✓ On the Color Wheels tab, you’ll find four Color Wheels. Under each color wheel is a Y slider. Y sliders control luminance.
The Offset wheel controls the entire picture. Slide the Offset Y slider to the left to darken the entire image. Slide it to the right to brighten the image.
As with the Exposure slider, you’ll have to adjust contrast in another way, such as using the other Y sliders under the other color wheels on the tab.
The other color wheels are Lift, which controls the darker areas of the image, Gamma, which controls the middle area of the image, and Gain, which controls the brightest/highlights area of the image.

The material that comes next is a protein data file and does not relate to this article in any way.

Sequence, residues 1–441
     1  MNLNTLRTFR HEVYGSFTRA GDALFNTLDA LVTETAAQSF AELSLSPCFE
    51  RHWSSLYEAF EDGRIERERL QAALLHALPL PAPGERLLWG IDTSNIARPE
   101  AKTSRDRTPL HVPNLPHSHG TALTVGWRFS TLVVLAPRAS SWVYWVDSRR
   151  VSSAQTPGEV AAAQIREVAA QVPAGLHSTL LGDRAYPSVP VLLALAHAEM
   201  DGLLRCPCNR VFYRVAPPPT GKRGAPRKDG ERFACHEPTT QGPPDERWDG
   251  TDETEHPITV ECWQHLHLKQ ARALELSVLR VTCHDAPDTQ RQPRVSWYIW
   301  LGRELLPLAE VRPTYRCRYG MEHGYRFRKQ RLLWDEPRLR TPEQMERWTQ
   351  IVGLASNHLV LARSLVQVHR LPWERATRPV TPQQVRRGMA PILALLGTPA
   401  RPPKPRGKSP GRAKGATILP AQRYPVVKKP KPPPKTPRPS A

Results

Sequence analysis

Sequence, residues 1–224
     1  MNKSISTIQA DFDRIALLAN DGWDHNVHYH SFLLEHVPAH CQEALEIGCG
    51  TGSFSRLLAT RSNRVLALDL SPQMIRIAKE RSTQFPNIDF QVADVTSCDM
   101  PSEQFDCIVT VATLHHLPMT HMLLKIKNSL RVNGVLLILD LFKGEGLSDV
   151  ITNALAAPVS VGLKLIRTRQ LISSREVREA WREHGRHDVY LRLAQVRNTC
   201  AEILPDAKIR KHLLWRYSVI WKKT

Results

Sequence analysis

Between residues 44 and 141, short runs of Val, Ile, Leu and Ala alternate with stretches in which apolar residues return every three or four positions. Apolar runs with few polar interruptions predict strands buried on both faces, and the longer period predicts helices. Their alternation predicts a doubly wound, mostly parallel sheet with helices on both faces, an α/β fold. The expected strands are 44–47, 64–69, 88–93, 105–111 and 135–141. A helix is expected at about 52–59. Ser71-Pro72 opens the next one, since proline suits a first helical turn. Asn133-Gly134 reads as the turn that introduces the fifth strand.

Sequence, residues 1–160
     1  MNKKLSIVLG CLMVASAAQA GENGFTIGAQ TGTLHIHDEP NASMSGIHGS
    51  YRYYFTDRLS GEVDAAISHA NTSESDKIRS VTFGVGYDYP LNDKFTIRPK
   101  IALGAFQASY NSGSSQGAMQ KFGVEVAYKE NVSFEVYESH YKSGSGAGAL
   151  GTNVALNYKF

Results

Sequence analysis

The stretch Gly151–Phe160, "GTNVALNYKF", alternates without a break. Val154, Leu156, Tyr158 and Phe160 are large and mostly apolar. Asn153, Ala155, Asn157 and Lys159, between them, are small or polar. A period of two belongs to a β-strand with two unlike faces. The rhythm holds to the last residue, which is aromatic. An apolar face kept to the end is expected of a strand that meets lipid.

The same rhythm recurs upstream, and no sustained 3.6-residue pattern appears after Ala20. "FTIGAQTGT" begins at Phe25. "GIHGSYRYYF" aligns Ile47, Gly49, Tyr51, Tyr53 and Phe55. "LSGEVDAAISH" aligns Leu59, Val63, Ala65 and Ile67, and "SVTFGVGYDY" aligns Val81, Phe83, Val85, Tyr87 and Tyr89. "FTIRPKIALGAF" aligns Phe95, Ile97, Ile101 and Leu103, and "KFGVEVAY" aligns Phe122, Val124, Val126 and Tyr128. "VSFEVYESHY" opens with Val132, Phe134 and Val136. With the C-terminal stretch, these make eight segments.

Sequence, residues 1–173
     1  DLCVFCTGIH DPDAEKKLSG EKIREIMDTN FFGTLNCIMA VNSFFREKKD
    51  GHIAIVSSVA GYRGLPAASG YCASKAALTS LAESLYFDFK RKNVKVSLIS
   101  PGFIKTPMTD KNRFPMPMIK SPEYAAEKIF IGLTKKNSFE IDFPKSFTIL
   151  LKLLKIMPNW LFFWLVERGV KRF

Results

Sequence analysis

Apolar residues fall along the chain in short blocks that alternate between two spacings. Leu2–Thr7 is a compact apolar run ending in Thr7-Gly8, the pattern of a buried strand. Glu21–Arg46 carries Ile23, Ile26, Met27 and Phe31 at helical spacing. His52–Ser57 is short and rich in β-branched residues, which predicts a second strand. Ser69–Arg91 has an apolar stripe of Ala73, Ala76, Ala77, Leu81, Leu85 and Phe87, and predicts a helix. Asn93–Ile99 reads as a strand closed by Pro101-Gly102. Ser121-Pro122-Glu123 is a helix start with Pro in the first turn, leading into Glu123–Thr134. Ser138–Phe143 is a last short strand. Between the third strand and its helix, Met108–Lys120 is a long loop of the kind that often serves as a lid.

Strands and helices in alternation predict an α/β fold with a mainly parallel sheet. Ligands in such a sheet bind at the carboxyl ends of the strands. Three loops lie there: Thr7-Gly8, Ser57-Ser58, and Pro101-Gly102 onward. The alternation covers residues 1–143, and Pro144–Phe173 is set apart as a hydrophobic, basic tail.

Under each wheel is its own Y slider. Controlling separate areas of brightness lets you darken and lighten an area independently, so you have more precise control and can more carefully manage both brightness and contrast.
✓ The Gamma slider does most of the work. For brightening an image, slide the Gamma Y slider to the right. The dark areas don’t increase in brightness as much, and neither do the highlights. You can make more subtle adjustments to contrast as needed. Slide the Lift Y slider to the left, darkening the darker areas. If needed, slide the Gain Y slider slightly to the right to raise the highlights for greater contrast.
Use a Saturation slider on one of the other tabs to manage color saturation as needed.